Most of the times the media persons, who are called to cover some event, take the advantage of the situation and corner some high ranking official and start asking him or her some sensitive or controversial questions which have nothing to do with the main event as such. I remember one such incident when I was posted in Ladakh in 1983. Our unit was celebrating its raising day and the media had been invited to cover the celebrations, consisting of various sports and cultural programmes, in addition to the parades and parties etc. The Corps Commander was the chief guest. The media persons were present in almost all the events and took TV footages of the same. At one occasion some pressmen cornered the Corps Commander and started asking him sensitive questions on deployment of troops etc which was classified information and could not be shared with any civilian. The Corps Commander was trying his best to ward off the pens, lens and mike toting reporters to maintain the required secrecy. When they started prodding him too much he found it difficult to handle them. Finding his superior officer in a tight position, the Divisional Commander of the local formation intervened and called the reporters towards one side. All of them rushed towards him with a hope that he will answer their questions and thus the Corps Commander was spared. He faced the press persons squarely, who had formed a semi circle in front of him, and said in very soft voice " Ladies and gentlemen, just drink your beer and eat your cashews and buzz off from here as soon as you can". The crest fallen reporters instantly dispersed and no more awkward questions were asked after that, but at the same time the media completely blacked out the coverage of the raising day. The Divisional Commander was non other than General SF Rodrigues went on to become the Chief of the Army Staff later.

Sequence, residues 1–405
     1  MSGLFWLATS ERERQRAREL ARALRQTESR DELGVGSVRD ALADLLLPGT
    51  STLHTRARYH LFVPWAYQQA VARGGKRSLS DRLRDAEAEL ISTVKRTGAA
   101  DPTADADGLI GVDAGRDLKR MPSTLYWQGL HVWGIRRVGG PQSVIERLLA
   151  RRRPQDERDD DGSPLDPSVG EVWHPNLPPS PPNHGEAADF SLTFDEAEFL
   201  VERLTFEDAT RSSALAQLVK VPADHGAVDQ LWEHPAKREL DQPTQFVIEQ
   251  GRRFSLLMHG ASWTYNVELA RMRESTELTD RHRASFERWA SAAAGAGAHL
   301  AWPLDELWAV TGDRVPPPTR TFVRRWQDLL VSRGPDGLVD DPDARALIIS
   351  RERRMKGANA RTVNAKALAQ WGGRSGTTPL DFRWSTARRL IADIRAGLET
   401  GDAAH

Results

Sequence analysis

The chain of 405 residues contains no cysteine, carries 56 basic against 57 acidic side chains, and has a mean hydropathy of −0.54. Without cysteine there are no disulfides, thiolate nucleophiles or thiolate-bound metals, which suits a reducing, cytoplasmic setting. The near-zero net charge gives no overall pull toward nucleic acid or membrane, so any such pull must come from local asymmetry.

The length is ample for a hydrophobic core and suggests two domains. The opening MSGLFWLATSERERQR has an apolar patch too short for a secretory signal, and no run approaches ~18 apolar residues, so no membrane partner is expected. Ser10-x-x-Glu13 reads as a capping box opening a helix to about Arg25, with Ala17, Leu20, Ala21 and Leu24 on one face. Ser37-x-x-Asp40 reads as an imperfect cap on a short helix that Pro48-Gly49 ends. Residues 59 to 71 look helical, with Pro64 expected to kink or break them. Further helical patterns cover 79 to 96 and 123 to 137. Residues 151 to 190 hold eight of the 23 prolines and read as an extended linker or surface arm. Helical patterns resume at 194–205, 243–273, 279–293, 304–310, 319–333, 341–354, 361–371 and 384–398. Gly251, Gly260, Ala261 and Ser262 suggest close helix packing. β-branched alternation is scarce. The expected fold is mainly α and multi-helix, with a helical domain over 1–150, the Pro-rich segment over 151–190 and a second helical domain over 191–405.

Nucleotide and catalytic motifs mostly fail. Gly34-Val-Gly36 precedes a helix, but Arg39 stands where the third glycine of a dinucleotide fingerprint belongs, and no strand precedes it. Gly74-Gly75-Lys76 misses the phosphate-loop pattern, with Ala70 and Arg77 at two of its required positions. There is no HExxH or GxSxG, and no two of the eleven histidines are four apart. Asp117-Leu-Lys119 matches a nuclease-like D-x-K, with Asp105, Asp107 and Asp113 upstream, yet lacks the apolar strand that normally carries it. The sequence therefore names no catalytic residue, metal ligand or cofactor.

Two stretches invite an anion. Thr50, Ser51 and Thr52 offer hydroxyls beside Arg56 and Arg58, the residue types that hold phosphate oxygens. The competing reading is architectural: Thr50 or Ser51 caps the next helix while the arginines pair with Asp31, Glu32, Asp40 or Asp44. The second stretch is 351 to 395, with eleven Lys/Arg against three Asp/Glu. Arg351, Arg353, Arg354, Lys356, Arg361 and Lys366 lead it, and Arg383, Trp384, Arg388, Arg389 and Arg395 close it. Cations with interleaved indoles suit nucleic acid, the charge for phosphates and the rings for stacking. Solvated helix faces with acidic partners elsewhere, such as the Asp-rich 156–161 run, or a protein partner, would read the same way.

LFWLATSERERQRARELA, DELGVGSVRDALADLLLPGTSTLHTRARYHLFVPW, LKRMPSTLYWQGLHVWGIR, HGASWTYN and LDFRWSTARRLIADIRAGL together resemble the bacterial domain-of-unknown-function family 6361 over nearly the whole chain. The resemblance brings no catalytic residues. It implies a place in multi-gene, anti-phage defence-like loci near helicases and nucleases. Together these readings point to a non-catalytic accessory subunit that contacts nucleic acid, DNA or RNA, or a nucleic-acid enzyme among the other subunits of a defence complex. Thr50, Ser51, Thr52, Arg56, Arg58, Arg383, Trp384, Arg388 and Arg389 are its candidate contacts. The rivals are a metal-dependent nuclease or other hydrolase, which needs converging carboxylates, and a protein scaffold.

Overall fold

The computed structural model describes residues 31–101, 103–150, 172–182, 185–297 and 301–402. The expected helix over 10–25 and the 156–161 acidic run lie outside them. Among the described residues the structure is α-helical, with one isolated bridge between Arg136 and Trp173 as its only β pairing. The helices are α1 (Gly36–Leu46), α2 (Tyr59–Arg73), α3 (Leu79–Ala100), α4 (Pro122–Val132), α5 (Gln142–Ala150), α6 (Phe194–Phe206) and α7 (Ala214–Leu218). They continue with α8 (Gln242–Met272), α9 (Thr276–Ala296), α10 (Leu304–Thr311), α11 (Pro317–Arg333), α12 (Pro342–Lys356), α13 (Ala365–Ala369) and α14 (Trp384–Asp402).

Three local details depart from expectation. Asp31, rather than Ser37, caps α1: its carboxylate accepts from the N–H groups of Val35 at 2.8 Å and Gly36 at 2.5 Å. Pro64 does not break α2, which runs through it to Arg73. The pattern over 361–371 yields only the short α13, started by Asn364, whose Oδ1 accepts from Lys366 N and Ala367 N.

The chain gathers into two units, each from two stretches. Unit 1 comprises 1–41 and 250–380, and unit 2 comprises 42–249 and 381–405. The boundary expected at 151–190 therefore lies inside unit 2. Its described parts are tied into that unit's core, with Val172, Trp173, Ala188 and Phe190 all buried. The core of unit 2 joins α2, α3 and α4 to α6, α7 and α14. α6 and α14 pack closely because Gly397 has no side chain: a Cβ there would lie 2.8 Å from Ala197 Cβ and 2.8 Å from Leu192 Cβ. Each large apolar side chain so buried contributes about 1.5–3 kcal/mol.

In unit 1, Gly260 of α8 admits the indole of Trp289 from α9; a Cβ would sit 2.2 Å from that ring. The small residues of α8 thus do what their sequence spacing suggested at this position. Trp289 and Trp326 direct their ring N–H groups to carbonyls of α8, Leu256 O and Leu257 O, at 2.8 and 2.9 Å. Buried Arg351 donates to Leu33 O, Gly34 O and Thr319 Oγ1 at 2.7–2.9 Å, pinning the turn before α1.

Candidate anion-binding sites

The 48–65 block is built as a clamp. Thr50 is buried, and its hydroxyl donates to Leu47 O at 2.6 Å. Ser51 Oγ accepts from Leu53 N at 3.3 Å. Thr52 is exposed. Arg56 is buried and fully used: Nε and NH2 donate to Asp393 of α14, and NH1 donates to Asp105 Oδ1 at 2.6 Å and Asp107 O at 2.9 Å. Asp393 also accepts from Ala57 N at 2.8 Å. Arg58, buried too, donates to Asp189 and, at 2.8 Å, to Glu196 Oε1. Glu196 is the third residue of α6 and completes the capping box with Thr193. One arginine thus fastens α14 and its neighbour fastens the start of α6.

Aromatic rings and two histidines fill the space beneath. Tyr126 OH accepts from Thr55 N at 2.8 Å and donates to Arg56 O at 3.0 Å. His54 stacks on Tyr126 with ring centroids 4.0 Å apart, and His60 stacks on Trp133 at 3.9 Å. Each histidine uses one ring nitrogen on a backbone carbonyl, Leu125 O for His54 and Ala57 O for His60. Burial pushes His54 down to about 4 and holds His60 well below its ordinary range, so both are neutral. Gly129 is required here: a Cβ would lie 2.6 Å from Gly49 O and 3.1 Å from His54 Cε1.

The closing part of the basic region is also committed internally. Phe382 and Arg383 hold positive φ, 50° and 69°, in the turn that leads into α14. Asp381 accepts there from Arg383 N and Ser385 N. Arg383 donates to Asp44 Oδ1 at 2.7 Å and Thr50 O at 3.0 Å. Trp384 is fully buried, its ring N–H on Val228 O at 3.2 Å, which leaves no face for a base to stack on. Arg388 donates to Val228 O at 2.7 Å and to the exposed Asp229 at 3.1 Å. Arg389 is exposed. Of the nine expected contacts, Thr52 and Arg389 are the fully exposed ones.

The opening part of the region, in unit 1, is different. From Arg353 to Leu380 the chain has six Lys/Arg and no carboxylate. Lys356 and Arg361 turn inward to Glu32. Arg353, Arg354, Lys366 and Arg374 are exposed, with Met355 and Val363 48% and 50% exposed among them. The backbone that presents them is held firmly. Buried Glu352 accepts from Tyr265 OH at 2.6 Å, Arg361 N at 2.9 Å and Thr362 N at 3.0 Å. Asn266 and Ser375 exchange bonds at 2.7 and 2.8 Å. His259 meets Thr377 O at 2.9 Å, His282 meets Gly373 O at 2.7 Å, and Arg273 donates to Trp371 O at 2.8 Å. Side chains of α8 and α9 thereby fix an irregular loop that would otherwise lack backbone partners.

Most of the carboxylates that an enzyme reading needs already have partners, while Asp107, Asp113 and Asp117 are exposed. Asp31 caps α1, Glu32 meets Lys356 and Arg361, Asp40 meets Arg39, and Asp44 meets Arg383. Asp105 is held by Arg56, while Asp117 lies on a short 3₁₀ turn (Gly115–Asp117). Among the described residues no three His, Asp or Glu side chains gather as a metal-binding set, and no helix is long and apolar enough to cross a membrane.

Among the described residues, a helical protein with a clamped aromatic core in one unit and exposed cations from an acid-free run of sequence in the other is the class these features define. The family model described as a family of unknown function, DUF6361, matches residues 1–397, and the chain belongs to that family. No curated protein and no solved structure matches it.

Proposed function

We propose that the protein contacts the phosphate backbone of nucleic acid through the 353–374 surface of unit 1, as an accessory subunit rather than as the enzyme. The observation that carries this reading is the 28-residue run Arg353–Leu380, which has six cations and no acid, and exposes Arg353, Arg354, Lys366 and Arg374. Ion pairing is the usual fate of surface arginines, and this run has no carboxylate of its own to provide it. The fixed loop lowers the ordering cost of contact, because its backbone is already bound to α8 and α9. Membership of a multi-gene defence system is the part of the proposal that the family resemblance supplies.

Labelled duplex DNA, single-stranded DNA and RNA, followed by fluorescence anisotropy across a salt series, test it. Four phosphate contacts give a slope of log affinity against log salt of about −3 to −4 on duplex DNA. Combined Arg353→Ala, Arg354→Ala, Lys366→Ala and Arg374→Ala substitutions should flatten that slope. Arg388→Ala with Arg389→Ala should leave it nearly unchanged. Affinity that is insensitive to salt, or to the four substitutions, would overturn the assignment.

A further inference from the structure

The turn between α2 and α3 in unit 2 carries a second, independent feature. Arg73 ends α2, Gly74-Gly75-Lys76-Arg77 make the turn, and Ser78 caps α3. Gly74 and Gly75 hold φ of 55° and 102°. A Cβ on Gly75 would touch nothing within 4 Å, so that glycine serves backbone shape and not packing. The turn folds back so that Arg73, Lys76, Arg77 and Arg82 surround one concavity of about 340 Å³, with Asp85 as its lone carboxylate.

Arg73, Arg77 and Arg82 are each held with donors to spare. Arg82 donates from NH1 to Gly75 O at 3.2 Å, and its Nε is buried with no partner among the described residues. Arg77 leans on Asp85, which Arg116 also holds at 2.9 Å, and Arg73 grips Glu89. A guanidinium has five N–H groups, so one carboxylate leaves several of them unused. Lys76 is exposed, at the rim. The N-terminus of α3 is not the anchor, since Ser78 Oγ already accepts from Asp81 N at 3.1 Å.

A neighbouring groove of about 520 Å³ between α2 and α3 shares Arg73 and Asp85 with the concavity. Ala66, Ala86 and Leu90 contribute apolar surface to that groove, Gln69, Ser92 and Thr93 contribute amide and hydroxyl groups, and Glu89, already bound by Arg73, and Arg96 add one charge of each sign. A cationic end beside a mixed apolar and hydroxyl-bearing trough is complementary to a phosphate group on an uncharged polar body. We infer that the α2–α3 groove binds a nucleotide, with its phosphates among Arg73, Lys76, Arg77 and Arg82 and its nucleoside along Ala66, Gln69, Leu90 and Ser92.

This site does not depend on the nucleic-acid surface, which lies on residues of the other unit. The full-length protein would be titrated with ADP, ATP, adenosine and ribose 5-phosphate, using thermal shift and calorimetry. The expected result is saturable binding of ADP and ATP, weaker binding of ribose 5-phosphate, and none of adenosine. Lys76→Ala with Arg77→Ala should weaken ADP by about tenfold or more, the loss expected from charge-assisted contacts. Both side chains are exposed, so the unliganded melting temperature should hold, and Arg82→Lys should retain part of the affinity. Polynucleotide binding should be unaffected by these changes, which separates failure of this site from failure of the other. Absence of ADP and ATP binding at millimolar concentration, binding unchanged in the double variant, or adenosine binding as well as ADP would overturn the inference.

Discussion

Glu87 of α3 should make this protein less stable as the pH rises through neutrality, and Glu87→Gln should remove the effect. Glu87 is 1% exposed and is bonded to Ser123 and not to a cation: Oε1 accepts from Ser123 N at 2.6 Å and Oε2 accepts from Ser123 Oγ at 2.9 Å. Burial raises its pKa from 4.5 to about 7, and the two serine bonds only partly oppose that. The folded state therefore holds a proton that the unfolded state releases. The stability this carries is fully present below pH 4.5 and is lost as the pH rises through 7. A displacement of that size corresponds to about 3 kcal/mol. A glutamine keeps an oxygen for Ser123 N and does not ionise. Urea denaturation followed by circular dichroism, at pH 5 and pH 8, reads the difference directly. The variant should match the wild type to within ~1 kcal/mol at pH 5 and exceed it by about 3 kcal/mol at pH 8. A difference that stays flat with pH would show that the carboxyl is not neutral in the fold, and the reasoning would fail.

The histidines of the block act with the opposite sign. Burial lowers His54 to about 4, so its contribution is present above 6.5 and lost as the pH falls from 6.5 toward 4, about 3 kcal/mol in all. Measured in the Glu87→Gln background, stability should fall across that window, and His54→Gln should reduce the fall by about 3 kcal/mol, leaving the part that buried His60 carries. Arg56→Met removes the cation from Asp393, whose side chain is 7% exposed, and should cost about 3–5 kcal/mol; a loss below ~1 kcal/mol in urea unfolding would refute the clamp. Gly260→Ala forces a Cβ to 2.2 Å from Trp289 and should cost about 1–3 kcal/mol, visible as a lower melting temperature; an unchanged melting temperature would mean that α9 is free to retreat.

4 comments:

Indyeah said...

" Ladies and gentlemen, just drink your beer and eat your cashews and buzz off from here as soon as you can". lol at this!

Trust Army humour!

But this is what happens!One either has to pander to them or afford getting ignored.
While the forces can afford not to bother,giving a damn for the media.

The others, politicians,celebrities are media hungry to say the least!
that is Why this mad scramle upon seeng a camera.

Balvinder Singh said...

This Div Commander was General Rodrigues who was known for brisk words. And one would have seen the faces of the media persons after hearing General's words.

Abhilasha, thanks for coming this far. In fact my earlier posts are not read by many of my present blogger friends so i have put them under lebels.

DG said...

very nice post... good read... :) :)

Balvinder Singh said...

Thanks DG